P&PDL Picture of the Week for
August 4, 2008

Lightning Damage to Trees

Mike Mickelbart, Department of Horticulture & Landscape Architecture, Purdue University

The photos show an ash tree that was struck by lightning. The strike resulted in the loss of a significant portion of the canopy and, more importantly, a significant amount of the bark on one side of the tree. With no additional stresses, there is a good chance that this tree may survive. The decision to keep the tree or remove it then comes down to the age of the tree (is it young enough to easily replace or is it a mature tree providing shade, etc) and the extent of the damage (is the tree shape now such that it is unsightly?). If a tree survives the strike, the biggest threat to its survival is attack by insects and disease. The bark that normally provides a protective layer to the tree is now removed and the tree is therefore more susceptible. The best thing to do is to be sure that water and nutrients are not lacking so the tree can begin to heal. Do not apply paints or other “protective” surface to the wound, as this will simply delay the healing process.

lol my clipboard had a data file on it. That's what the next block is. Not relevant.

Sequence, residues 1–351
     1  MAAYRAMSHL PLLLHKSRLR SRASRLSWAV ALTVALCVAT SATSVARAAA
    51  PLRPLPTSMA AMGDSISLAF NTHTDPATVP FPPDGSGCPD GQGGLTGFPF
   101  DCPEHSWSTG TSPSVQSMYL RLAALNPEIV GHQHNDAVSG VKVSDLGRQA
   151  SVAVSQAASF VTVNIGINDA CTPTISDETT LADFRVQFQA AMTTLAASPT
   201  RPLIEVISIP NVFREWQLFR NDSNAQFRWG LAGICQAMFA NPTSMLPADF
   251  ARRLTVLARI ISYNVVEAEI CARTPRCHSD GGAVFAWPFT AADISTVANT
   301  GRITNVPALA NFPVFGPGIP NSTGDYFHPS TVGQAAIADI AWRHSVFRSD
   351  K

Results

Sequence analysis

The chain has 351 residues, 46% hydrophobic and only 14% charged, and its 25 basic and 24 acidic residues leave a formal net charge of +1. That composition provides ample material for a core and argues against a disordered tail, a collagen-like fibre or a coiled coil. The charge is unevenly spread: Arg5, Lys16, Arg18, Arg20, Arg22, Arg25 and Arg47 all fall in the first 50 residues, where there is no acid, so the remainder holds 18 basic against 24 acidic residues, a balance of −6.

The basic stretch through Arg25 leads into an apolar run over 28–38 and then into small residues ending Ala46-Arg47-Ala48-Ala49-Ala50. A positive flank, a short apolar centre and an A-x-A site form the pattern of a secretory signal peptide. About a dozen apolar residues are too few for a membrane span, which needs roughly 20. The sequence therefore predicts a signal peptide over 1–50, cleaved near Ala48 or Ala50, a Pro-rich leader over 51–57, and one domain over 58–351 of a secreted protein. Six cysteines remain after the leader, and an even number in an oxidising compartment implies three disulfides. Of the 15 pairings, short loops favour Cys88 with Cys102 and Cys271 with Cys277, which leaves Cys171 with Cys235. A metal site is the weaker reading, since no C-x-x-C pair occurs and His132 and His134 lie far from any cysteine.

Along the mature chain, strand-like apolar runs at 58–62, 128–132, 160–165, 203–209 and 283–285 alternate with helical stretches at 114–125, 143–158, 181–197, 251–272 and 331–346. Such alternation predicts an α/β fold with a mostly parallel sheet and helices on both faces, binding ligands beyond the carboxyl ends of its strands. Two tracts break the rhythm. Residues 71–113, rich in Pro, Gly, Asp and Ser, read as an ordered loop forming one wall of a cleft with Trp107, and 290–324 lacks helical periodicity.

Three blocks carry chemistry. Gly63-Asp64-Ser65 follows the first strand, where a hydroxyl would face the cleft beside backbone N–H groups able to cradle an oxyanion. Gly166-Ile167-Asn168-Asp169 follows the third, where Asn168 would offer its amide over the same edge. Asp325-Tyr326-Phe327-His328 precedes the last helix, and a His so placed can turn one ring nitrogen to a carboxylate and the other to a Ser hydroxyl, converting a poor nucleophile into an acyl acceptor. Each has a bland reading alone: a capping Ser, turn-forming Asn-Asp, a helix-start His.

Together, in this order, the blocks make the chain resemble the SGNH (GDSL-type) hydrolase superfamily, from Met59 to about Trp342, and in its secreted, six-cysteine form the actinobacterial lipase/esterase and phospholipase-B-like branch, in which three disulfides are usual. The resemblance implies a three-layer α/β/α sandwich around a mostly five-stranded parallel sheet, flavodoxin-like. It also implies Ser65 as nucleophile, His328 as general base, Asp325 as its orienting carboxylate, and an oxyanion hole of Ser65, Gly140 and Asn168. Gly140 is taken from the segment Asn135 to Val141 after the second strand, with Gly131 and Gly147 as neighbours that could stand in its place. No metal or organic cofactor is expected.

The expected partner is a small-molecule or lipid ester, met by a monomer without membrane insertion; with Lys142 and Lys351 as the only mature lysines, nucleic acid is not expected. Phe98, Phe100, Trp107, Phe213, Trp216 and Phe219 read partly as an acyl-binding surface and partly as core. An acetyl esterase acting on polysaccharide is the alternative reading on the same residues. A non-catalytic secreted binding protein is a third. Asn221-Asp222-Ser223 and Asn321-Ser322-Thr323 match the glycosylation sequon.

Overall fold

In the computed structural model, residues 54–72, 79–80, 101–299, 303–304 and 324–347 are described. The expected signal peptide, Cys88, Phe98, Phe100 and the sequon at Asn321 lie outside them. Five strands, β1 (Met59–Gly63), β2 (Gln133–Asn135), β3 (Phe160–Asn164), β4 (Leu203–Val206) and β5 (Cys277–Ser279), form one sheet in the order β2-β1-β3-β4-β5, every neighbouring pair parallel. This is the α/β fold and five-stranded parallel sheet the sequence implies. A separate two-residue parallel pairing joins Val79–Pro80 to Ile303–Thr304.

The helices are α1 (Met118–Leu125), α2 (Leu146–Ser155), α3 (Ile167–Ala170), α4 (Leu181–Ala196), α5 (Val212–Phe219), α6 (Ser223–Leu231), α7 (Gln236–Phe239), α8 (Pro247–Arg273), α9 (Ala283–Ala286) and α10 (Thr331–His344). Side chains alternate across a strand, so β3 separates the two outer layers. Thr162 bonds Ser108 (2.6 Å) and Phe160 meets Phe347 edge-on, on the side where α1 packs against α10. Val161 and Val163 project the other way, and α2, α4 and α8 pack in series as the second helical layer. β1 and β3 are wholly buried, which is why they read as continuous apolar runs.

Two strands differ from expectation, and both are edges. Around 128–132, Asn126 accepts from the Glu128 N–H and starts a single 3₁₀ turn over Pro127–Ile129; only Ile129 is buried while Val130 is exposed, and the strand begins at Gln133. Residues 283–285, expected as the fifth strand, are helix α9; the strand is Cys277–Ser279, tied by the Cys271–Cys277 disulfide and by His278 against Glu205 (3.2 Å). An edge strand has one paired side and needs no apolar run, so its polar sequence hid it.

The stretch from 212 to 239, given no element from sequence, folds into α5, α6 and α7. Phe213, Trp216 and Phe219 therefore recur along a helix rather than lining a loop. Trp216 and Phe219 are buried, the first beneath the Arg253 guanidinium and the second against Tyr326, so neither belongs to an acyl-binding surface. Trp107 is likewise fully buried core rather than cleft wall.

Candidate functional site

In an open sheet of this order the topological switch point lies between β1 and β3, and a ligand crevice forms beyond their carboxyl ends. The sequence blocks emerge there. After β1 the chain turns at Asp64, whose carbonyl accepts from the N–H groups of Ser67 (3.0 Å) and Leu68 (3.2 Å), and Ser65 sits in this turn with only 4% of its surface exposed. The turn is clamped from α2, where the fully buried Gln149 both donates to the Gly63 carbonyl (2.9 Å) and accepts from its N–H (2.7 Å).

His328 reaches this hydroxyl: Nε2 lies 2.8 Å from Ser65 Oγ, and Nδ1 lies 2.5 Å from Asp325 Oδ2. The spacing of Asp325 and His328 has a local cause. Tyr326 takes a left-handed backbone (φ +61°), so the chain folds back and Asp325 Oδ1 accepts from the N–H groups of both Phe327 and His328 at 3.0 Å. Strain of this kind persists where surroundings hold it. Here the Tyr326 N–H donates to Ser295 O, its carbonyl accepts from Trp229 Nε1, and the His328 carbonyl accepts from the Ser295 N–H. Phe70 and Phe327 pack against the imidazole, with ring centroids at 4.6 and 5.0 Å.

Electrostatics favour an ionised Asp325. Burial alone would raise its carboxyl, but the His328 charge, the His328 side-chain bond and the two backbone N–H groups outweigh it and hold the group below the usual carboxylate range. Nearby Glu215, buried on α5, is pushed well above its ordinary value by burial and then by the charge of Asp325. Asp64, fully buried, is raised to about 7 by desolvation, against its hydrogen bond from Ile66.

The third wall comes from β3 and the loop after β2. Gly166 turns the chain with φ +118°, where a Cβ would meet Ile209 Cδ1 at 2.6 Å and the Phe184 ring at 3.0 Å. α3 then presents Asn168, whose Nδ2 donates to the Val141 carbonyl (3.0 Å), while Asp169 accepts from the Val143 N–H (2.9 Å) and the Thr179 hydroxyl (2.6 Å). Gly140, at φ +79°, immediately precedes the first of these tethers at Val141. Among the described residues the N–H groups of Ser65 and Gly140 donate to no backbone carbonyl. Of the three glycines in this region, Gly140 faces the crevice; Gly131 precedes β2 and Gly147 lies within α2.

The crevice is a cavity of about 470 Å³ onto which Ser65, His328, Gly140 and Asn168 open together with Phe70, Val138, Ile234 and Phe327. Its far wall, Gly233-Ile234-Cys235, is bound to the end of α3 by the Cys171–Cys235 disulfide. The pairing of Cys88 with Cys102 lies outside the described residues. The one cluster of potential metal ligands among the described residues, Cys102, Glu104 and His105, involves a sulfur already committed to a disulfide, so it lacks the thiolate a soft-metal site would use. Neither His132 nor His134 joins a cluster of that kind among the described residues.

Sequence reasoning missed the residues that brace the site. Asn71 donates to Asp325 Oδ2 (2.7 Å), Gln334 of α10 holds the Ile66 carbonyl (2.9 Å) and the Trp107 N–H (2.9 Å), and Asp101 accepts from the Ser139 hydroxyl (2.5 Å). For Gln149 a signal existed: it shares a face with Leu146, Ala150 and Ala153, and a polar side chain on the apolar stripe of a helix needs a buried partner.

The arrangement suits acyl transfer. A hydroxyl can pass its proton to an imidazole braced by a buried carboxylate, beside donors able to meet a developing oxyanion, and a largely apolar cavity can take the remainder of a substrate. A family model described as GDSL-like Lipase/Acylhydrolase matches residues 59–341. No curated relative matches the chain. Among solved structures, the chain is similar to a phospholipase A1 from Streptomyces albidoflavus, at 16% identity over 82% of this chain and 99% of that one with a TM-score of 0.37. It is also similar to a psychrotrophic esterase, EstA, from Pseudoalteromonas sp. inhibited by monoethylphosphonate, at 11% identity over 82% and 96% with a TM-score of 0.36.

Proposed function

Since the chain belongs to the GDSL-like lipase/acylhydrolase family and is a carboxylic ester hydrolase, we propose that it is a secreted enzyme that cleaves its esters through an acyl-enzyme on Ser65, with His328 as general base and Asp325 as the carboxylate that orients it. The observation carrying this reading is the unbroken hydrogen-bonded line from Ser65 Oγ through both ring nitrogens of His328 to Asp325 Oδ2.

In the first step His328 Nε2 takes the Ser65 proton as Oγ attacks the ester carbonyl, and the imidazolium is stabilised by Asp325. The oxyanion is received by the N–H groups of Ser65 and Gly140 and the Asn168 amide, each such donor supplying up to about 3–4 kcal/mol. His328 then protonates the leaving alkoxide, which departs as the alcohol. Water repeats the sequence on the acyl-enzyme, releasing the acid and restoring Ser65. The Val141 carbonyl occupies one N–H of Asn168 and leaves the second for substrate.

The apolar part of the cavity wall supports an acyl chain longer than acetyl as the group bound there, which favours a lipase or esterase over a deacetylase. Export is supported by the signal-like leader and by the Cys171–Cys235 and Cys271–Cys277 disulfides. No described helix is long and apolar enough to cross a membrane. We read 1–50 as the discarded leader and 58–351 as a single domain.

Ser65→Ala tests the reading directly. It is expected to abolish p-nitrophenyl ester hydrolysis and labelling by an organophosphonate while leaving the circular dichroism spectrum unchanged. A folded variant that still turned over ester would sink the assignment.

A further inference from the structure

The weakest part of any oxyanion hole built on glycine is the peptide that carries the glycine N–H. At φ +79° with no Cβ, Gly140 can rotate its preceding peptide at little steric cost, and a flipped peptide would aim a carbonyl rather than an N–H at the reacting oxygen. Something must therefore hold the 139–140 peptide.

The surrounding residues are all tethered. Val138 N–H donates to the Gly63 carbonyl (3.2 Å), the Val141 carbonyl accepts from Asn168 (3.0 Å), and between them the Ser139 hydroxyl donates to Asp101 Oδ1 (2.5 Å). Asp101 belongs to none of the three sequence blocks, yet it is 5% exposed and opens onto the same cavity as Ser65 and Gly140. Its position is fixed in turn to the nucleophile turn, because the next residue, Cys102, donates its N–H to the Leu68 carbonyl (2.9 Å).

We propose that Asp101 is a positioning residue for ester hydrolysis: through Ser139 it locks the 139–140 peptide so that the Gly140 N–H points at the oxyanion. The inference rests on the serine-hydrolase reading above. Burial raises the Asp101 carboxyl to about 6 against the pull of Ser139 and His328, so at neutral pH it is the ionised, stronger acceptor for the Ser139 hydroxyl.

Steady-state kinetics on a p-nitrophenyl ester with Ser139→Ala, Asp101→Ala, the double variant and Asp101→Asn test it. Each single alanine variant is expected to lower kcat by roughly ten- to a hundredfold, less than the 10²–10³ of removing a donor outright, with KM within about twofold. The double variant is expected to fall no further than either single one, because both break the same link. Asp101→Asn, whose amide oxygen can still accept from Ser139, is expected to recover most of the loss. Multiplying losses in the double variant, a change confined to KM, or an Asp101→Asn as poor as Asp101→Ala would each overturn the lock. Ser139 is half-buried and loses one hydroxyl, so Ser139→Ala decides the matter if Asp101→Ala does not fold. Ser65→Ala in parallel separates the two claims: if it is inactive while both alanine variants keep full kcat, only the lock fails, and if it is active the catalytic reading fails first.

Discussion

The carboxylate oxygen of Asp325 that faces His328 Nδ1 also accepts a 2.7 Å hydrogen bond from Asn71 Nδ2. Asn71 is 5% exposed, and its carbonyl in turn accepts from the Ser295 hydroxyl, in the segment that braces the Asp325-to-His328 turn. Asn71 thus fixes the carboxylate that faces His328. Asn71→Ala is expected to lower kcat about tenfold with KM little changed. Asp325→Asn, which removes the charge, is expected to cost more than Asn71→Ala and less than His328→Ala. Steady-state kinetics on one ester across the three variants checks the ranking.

Photos by Laura Crawford

Click image to enlarge

Tree on pond

Canopy lost

Trunk damage

Damage to trunk

Back of trunk

Damage to back of trunk

Purdue Plant & Pest Diagnostic Lab Purdue Cooperative Extension Service